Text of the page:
Las Vegas home prices
Las Vegas home prices grew fastest among major markets in February for the ninth straight month. But amid affordability concerns, the growth rate has slowed down. Southern Nevada prices in February were up 9.7% from a year earlier, according to the latest S&P CoreLogic Case-Shiller index. The last time Las Vegas' price growth fell below 10% was in September 2017, S&P Dow Jones Indices reported.
Free Parking Coming To Wynn
Free parking will come to the Wynn and Encore resorts on May 1, 2019. (Mat Luschek / Review-Journal)
Founding Venetian employees talk about 20 years at the Strip resort
The Venetian, which opened May 3, 1999, is celebrating 20 years on the Las Vegas Strip. Seven original employees talk about opening the luxury resort and working there for two decades. (K.M. Cannon/Las Vegas Review-Journal) @KMCannonPhoto
Circa aiming for December 2020 opening
The 1.25-million-square-foot property will have 44-stories and 777-rooms. It will also have a separate nine-story, 1,201-space parking garage.
Boxabl official explains the building concept
Boxabl business development manager Galiano Tiramani shows off a room built by his company. (Blake Apgar/Las Vegas Review-Journal)
TI/Mirage Tram reopens
The tram that shuttles guests between TI and Mirage reopened this week after being closed for much of 2018.
Las Vegas Convention Center expansion taking shape
Renderings and actual footage show how the Las Vegas Convention Center is evolving.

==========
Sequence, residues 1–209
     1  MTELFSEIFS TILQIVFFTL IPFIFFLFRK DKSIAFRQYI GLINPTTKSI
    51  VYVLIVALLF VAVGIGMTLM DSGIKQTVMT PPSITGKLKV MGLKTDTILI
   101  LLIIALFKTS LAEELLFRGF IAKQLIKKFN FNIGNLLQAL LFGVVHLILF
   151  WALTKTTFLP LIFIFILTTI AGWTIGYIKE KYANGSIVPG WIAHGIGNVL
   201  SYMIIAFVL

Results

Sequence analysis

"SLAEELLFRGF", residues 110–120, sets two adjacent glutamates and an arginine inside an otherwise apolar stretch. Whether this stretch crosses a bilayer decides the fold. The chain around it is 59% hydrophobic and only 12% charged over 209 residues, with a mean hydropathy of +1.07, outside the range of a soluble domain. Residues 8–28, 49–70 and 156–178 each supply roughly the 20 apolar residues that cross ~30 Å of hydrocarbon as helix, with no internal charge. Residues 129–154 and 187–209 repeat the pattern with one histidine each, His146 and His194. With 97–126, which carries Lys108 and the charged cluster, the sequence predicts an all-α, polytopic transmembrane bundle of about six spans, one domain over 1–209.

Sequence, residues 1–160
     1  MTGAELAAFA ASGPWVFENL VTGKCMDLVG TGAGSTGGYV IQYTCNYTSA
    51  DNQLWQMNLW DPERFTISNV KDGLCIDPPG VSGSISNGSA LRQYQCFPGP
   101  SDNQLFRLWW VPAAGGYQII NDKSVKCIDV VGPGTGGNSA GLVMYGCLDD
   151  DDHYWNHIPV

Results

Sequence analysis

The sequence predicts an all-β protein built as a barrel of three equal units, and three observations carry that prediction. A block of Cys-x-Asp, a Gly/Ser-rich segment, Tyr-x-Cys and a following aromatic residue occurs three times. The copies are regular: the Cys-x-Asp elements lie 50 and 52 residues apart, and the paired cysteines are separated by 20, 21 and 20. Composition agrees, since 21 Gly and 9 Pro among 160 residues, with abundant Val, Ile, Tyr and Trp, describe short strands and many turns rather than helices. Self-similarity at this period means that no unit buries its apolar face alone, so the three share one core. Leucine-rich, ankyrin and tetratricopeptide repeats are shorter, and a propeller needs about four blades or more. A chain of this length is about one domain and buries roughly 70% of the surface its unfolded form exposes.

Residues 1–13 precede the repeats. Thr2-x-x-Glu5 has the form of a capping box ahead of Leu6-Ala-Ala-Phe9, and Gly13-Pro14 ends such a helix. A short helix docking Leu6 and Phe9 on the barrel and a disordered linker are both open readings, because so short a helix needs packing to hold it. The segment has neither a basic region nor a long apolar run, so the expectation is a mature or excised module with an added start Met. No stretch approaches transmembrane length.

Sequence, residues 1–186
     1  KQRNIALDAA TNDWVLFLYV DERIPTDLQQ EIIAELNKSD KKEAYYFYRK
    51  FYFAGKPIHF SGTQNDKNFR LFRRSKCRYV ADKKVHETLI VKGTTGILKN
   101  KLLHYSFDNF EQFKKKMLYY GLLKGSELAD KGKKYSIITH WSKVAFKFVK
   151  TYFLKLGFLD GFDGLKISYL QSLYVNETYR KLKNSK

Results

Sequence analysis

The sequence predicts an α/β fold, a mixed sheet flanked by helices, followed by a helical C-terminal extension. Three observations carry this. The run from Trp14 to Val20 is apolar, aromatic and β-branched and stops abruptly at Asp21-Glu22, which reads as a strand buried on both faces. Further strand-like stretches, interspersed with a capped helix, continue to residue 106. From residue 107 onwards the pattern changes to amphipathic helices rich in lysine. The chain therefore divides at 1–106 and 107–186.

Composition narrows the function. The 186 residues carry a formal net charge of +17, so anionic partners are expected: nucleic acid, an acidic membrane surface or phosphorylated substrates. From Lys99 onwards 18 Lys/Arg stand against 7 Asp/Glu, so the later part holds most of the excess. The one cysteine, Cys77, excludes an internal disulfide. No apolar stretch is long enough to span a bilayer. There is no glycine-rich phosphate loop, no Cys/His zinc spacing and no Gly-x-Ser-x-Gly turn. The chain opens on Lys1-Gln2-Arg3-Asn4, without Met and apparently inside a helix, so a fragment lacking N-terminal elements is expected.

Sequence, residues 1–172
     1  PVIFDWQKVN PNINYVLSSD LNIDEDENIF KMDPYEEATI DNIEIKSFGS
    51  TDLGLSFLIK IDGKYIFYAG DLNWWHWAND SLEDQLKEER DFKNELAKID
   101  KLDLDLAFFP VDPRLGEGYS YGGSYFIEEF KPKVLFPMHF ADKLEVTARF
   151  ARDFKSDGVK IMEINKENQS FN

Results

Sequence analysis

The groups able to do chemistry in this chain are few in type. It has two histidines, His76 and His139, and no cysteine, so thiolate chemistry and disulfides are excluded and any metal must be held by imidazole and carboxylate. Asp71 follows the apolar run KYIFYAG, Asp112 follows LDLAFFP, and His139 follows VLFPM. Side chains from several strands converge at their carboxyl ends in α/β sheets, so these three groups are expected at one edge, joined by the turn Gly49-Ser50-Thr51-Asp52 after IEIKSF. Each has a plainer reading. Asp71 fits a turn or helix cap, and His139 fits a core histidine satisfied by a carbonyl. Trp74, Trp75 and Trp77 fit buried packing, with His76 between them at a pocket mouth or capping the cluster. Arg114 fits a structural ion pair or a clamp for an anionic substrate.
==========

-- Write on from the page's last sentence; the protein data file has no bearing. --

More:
Former Starbucks CEO Howard Schultz at Las Vegas convention
Former Starbucks CEO and potential presidential candidate Howard Schultz spoke at the Epicor Insights user conference at Mandalay Bay Convention Center Wednesday, April 17, 2019. (K.M. Cannon/Las Vegas Review-Journal) @KMCannonPhoto
Drew Las Vegas to open in the second quarter of 2022
The 67-story Drew Las Vegas is slated to open in the second quarter of 2022 at the north end of the Las Vegas Strip. (Michael Quine/Las Vegas Review-Journal)
NAB Day 1 (Time Lapse)
NAB kicked off at the Las Vegas Convention Center on Monday, April 8, 2019. (Mat Luschek / Review-Journal)
National Association of Broadcasters Show shows 1mm thick 8K TV with 22.2 channel digital sound
Japan’s NHK Science & Technology Research Laboratories booth featured a 1mm thick 8K TV system used in conjunction with a 22.2 channel digital sound system at the National Association of Broadcasters Show at the Las Vegas Convention Center. (K.M. Cannon/Las Vegas Review-Journal) @KMCannonPhoto